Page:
Boycotts and Jerks

A reader named Ert Dredge writes in with the following set of trenchant observations and questions:

Hiya, Dubner ‘n Levitt.

I was just listening to podcast #84 “Legacy of a Jerk,” and it brought to mind a long-standing cocktail party question of mine:  Is it reasonable to boycott what someone does for a living, if you think they’re good at it, because they’re privately a jerk?

Is it reasonable to never watch Braveheart again because of Mel Gibson‘s anti-Semitism or other issues?
…or never watch another Roman Polanski film?
…or to have not listened to Cat Stevens during the whole Salman Rushdie fatwa issue (misunderstanding?)

And, if so, does that mean that boycotting my local shoe repair guy’s business because he doesn’t clean up after his dog is reasonable.

“Reasonable” here ranges from whether a boycott is likely to have my intended effect of stopping the antisocial behavior, whether all the other people that work with my target deserve to get their professional lives caught up in their coworker’s private failings, and how one goes about attaching a financial value to someone being annoying.

One more category of person to add to this list: athletes. It is always interesting to me how, say, a Yankees fan is willing to rationalize Alex Rodriguez‘s past PED drug while decrying the same by Manny Ramirez or David Ortiz.


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  1. Bill McGonigle says:

    A boycott of one is a weak boycott because it sends a weak signal to the business owner as to why the boycott is happening, if he even notices that it is. The more jerky the business owner, the less likely he’s going to recognize the signal.

    It’s the ethics vs. morals thing again. Do what you need to do to satisfy your moral compass, but don’t expect it to do too much unless you’re coordinating action with a significant portion of the market (or are at least attempting to do so).

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  2. Ert Dredge says:

    Opening a two-year-dead discussion since I originally posed the question and only just noticed that it started a comment thread.

    tmeier is correct that “is it rational” perhaps gets more to my topic perhaps than my choice of words “is it reasonable,” but I’m interested in people’s opinions about reasonableness, too. To Marty’s question regarding what I’m looking for here, it’s a discussion. I have a lot of friends that often behave in this way, refusing to support the professional ventures of people they find publicly objectionable or abhorrent. I think it’s an interesting topic and I often have fascinating conversations about it. (164, you assumed my opinions on the question without me actually stating them.)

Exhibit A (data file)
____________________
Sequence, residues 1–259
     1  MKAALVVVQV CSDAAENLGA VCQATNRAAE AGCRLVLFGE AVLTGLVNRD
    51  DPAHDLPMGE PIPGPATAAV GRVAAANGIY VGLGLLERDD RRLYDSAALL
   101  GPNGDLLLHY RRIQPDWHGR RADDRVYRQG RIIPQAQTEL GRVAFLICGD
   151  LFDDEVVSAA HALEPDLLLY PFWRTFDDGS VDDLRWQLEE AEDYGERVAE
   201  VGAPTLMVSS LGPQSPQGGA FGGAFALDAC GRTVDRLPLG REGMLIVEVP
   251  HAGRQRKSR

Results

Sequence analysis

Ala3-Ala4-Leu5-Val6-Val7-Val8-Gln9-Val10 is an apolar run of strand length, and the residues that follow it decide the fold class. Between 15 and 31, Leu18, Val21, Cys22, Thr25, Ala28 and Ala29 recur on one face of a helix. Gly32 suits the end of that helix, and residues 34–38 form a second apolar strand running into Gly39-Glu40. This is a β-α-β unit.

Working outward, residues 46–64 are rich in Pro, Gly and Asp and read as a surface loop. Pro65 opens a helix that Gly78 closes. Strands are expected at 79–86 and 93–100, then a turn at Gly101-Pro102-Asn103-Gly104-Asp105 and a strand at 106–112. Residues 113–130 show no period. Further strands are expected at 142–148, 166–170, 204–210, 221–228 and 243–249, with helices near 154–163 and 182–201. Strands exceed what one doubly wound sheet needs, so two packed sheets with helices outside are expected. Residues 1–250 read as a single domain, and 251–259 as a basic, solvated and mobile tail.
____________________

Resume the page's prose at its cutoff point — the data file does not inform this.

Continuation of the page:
“Boycott” is the correct word I intended — looking up the verb I found it’s applicable to a single person acting on their own, even though we most associate it with a large group of people undertaking a concerted action. The noun tends to be for a collective action, while the verb can be individual. I think Bill McGonigle is right, though, to say a boycott of one sends a weak signal.

    The Boy Scout situation that Jim mentions is not really the sort of situation I’m attempting to discuss. The Boy Scouts have an institutional policy that has real effects for who they will hire or (historically) admit as scouts. If you’re gay then boycotting the scouts — not buying things at their fundraisers –seems entirely reasonable. Given the size and reach of their organization, encouraging others to boycott them seems reasonable as well. The organization is big and it matter and it itself has opinions on homosexuality, not just the national leaders when they sit around the dinner table.

    A better illustration of the situation I’m thinking of is the widespread boycott of Mozilla over Brendan Eich’s personal political contributions. Ostensibly Eich’s own opinions on same-sex marriage did not affect how he ran the organization. Boycott supporters argued, variously, that (1) it was impossible for him to separate his personal opinions from how he ran the organization, or that (2) as a CEO he was the public face of the organization and his job included being an upstanding citizen which his actions did not demonstrate, or that (3) he crossed a line when he actually donated to campaigns to block same-sex marriage, actively using the profits he made from Mozilla’s business operations to influence policy.

    “Is it rational” is undoubtedly “yes” in this case, since the boycott led to his ouster in a few days.

    “Is is reasonable” seems to divide opinions more, with many saying the boycott crossed a line and others saying people who publicly hold the opinions he did should not be in senior public-facing roles.

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